Yams (Dioscorea spp.) have been used as medicinal and edible resources worldwide. In the present study, methanol extracts were prepared from various kinds of yam, including D. batatas (Gyeongbuk No. 1 and No. 4), D. alata L. (Gyeongbuk No. 5 and No. 6), and D. bulbifera and D. nipponica, and the antioxidant, antithrombin, and antimicrobial activities of these extracts were evaluated. The water content of the various yams was 54.7~83.2% (D. batatas> D. alata L.>D. nipponica>D. bulbifera) and the methanol extracts contained 0.59-1.59% (w/v) solid matter (D. alata L.>D. batatas >D. nipponica>D. bulbifera). The mean concentrations of total polyphenols, total flavonoids, and total sugars in the different types of yam were 49.82 mg/g, 9.79 mg/g, and 173.81 mg/g, respectively. Analysis of DPPH radical-scavenging activity showed that D. alata L. Gyeongbuk No. 6 had a strong antioxidant capacity (IC50=
), whereas the other yams showed reduced levels of activity (IC50=371-
). D. alata L. Gyeongbuk No. 6 showed a strong antithrombin activity against human thrombin. Upon treatment with a D. alata methanol extract (1.5 mg/mL), thrombin time was increased 7.35-fold compared with that when methanol alone was used. In an antimicrobial activity assay, the D. nipponica extract showed moderate antibacterial activity against Bacillus subtilis, Staphylococcus aureus, Proteus vulgaris, and Salmonella typhimurium. Our results indicate that different varieties of Dioscorea spp., including D. batatas, have useful biochemical attributes, including antioxidant, antithrombin, and antibacterial activities.
A Concentrated Onion Extract Lowers Serum Lipid Levels in Rats Fed a High-Fat Diet
Kim, Ju-Youn ; Seo, Yun-Jung ; Noh, Sang-K. ; Cha, Yong-Jun ;
Korean Journal of Food Preservation, volume 17, issue 3, 2010, Pages 398~404
It is known that onions, or bioactive compounds therein, providehealth benefits. The present study was designed to investigate whether a concentrated onion extract lowered blood lipid levels in rats fed a high-fat diet. Initially, male Sprague-Dawley rats were housed singly in an environment in which temperature and light duration were controlled, and had free access to a nutritionally adequate AIN-93G diet and deionized water. After an acclimatization period, rats were weight-matched and assigned to one of the following five groups: 1) a control group, fed the AIN-93G diet mixed with 10% (w/v) lard and 0.7% (w/v) cholesterol to induce hyperlipidemia (control); 2) three experimental groups, fed the AIN-93G diet mixed with a high-fat source plus concentrated onion extract at three different levels (termed the low-dose, medium-dose, and high-dose groups); and, 3) a placebo group, fed the AIN-93G diet with fats plus the same concentrated extract but devoid of onion-derived material. All five groups freely ingested their respective diets over 6 weeks. At 0, 3, and 6 weeks, blood samples were collected from the orbital sinus following overnight food deprivation. At 6 weeks, livers were collected. Both control and experimental groups continually gained body weight throughout the study. No significant differencein body weight gain was observed among groups. However, the serum concentrations of triglycerides, total cholesterol, and non HDL-cholesterol were significantly reduced by ingestion of concentrated onion extract. Also, the hepatic levels of total lipids and total fatty acids, especially C18:1 (oleic acid), were significantly decreased in rats fed a high level of concentrated onion extract, compared with the control and placebo groups. These results provide clear evidence that ingestion of a concentrated onion extract has a profound inhibitory effect on serum lipid levels in rats fed a high-fat diet. Our findings indicate that a concentrated onion extract may be used to alleviate hyperlipidemia by lowering serum cholesterol and triglyceride levels.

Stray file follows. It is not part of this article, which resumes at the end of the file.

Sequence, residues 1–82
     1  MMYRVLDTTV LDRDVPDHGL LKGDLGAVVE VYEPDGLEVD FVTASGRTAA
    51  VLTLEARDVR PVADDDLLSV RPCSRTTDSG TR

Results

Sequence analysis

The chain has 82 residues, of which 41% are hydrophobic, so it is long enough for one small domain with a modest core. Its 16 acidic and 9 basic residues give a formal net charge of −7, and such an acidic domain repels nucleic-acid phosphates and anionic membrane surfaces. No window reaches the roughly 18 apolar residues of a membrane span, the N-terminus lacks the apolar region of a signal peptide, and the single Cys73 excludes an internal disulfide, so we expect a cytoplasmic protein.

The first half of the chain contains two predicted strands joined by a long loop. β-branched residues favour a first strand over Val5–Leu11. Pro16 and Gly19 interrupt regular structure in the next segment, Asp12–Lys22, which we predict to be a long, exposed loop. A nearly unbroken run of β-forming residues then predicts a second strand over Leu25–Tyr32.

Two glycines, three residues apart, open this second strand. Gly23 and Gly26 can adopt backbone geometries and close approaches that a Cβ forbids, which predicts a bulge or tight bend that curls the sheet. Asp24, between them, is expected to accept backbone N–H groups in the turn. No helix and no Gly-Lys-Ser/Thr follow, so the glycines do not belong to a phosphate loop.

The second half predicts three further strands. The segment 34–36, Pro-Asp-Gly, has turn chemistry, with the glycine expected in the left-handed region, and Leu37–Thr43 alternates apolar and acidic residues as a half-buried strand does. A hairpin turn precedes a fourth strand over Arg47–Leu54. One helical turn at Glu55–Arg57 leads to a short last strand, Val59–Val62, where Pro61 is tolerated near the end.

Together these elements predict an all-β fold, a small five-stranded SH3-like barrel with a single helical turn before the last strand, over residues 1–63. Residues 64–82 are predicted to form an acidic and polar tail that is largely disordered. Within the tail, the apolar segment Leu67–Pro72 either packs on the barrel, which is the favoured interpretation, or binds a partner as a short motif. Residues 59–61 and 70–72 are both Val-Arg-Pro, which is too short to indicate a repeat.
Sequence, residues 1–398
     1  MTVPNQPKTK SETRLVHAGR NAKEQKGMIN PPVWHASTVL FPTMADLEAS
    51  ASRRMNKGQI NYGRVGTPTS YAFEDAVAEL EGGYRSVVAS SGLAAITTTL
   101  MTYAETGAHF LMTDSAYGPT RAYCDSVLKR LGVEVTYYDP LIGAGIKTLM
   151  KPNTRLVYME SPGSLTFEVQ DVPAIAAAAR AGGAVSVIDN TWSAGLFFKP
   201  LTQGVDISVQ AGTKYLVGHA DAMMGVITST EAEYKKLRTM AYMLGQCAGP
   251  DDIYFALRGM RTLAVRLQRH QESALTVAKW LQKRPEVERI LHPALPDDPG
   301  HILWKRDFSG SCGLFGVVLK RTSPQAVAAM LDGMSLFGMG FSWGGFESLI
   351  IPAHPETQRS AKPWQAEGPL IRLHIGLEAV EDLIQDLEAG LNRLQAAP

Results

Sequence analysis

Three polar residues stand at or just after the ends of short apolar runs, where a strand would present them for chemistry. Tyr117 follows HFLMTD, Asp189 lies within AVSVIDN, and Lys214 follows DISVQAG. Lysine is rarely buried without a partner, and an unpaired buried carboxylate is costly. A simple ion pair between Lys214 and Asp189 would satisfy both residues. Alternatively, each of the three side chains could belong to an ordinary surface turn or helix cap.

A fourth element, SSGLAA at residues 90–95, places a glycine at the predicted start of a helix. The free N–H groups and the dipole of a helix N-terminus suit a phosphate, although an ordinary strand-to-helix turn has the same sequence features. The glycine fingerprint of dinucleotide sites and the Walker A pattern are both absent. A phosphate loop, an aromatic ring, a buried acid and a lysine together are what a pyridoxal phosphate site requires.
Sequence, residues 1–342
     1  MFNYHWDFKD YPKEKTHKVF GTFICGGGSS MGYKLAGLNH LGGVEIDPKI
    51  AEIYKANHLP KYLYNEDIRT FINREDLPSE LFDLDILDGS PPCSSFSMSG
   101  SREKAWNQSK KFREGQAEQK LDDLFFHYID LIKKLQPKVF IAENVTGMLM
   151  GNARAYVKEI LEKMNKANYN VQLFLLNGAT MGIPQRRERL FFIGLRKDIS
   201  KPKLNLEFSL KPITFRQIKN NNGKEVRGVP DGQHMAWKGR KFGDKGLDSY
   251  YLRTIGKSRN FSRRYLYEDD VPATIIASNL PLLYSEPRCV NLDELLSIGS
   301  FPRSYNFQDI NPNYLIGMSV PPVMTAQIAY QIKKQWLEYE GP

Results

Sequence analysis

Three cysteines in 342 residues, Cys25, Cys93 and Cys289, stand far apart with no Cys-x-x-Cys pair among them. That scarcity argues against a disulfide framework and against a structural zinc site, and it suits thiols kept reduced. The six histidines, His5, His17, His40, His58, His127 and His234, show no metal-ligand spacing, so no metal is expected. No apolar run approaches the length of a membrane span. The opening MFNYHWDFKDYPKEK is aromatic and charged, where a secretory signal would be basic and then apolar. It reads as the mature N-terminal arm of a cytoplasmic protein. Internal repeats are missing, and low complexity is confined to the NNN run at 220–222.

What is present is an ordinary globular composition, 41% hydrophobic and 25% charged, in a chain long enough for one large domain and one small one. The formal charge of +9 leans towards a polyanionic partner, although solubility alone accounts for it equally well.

Reduction of Microbial Populations on the Surface of Fresh Ginseng by Various Washing Treatments
Kim, Hee-Su ; Kim, Eun-Jeong ; Choi, Jeong-Hee ; Hong, Seok-In ; Jeong, Moon-Cheol ; Kim, Dong-Man ;
Korean Journal of Food Preservation, volume 17, issue 3, 2010, Pages 405~409
Surface cleaning is both essential and troublesome when a consumer seeks to eliminate soil attached to the surface of fresh ginseng because all ginseng purchased in the market is covered with soil, reflecting the post-harvest situation. To facilitate ginseng use at home, a fresh-cut type of ginseng is required. As a first step toward production of such ginseng, several washing and dipping treatments were investigated with respect to surface cleaning and reduction of microbial populations on fresh ginseng. In terms of microbial distribution on the surface of fresh ginseng, higher levels of viable bacteria (6.63 log CFU/each) and fungi (5.12 log CFU/each) were present on the rhizome head than on other regions of the root. Of the washing treatments tested, hand-brushing was effective for surface cleaning and to reduce microorganism levels on fresh ginseng, but use of a high-pressure water spray followed by hand-brushing was optimally effective. To further reduce the levelsof microorganisms on the surface of fresh ginseng after washing, additional dipping treatments in 70% (v/v) ethanol and electrolyzed acidic water (at pH 2.3) were somewhat effective but showed no significant differences compared with other dipping treatments tested, including a 3 ppm ozone solution, a 200 ppm sodium hypochlorite solution, or hot water at